Nominations opened at noon on 11 February 2023, International Day of Women and Girls in Science, to those women engineers who are working in safety and security, including cybersecurity, particularly if they also support sustainability and/or combat climate change, and support other women to do the same.
Elizabeth Donnelly, CEO, Women’s Engineering Society, said of the awards: “The women in this year’s WE50 list are a truly amazing group. Their work often goes unseen yet is key to keeping us all safe and secure. From the creation of a system being used to kill weeds with no chemicals, to providing safety leadership to the RNLI, the women we celebrate in these awards are all inspirational in their work. Each year the judges are always amazed at the breadth and talent of the nominations they receive and this year’s nominees more than lived up to expectations. We hope that these awards will inspire more women to get involved in engineering and show what a diverse and rewarding career it can be”
Kelvin Ross, Editor-in-Chief of Power Engineering International which is sponsoring the WE50, said: “We are delighted and proud to support WE50 on International Women in Engineering Day.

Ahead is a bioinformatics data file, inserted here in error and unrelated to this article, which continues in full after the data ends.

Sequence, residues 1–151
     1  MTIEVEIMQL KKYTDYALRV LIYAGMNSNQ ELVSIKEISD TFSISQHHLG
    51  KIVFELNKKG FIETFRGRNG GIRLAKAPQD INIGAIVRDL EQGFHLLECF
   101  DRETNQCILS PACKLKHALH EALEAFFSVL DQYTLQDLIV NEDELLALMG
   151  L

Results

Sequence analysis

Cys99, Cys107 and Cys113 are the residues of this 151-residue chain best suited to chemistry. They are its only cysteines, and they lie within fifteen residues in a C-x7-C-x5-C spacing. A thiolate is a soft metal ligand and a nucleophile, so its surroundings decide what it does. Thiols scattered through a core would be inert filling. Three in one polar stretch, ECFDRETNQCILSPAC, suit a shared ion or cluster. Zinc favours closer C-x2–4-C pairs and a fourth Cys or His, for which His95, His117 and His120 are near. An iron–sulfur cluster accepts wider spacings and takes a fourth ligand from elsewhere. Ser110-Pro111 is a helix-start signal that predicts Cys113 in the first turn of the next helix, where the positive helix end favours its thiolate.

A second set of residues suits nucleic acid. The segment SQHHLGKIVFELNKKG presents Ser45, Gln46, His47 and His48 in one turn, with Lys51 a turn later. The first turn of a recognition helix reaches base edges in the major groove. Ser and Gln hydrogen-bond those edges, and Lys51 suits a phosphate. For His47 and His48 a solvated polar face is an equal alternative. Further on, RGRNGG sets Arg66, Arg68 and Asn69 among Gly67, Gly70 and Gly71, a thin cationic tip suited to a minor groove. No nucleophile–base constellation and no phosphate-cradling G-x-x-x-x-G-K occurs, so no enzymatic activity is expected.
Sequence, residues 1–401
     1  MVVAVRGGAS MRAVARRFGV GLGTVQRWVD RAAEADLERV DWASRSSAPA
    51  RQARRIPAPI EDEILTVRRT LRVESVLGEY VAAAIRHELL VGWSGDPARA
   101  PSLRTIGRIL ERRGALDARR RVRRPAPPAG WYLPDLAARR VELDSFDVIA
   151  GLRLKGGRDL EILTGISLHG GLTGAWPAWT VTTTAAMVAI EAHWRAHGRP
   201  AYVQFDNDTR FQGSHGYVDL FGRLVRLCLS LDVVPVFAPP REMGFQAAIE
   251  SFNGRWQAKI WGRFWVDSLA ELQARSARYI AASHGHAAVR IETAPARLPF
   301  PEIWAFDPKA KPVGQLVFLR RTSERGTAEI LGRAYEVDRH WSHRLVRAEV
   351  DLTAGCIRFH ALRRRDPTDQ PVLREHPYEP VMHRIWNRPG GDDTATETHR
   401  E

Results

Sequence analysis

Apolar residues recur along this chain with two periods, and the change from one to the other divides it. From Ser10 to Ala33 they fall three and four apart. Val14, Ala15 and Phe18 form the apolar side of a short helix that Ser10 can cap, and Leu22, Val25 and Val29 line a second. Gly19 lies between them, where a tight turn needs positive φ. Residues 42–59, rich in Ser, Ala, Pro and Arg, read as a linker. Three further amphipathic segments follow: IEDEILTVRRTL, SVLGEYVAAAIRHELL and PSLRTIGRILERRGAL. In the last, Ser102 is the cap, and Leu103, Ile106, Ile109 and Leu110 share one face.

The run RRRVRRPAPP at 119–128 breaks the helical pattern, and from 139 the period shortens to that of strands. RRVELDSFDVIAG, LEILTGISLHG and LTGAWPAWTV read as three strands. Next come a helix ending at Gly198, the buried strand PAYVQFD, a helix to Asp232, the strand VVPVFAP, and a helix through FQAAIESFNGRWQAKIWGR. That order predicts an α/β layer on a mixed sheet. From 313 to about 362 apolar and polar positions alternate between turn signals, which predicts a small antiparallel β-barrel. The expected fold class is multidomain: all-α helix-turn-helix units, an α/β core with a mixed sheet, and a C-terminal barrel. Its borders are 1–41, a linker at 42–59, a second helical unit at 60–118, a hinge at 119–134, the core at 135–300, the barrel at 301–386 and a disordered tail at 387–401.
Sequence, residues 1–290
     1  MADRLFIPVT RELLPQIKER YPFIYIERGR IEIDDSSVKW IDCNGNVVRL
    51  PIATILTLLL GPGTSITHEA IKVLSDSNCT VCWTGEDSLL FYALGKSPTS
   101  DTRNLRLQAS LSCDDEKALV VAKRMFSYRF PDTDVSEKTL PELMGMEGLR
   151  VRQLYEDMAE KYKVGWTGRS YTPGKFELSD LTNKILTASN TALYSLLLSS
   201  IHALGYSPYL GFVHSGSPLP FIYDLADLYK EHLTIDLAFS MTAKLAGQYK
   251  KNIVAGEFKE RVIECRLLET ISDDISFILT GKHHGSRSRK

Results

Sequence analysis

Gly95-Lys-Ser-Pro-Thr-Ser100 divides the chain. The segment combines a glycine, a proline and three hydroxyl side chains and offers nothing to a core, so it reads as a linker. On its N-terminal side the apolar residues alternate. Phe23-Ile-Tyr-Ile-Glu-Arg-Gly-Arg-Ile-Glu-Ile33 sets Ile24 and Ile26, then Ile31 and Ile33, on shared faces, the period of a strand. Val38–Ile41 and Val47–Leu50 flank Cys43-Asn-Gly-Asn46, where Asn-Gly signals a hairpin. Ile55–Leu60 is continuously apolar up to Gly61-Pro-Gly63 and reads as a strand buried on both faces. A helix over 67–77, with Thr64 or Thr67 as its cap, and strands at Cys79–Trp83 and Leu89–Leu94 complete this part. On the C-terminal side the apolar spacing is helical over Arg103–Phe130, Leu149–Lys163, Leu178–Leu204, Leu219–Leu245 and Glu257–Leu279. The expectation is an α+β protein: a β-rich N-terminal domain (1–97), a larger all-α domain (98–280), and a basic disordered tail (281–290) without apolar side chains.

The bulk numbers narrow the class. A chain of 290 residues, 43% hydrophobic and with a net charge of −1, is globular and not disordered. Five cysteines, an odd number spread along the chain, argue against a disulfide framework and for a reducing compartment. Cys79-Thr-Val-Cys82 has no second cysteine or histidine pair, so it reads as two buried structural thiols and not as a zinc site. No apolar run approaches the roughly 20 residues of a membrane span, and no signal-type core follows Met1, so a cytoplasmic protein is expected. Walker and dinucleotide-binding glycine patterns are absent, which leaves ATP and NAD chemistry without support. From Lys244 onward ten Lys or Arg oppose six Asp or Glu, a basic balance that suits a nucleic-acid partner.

“Power Engineering is a year-round advocate for women in engineering, however, days like International Women in Engineering Day and awards like WE50 are vital to shine a spotlight on the opportunities for women in engineering and highlight why girls in school and college should seize those opportunities. We cover the energy transition in detail, yet that shift to a net zero future must also be a just transition, and diversity and equality are key pillars of that transition.”
The Top 50 Women in Engineering for 2023 are (in alphabetical order):
- Chisom Akujobi-Ezeonyeka – Power Electronics and Systems Engineer, Rootwave Ltd
- Mary Allan – Principal Radiation Protection Scientist and Head of Profession, Atomic Weapons Establishment (AWE)
- Sarah Bailey – Hardware Engineer, Leonardo
- Niamh Barker – Graduate Engineer, Arup
- Dr Beth Barnes – Assistant Professor in Engineering, Durham University
- Sholeh Behzadpour-Shaw – Senior Engineer Industrial Cyber, Heathrow Airport Ltd.
- Dr Marzia Bolpagni – Associate Director – Head of BIM International, Mace
- Sue Caccavone – Operations Manager – Asset Management, Binnies (UK) Ltd.
- Caroline GCHQ
- Patrizia Carpentieri – Principal Blast Engineer, Arup
- Kelly Cary – Managing Consultant – Transport Planning, Atkins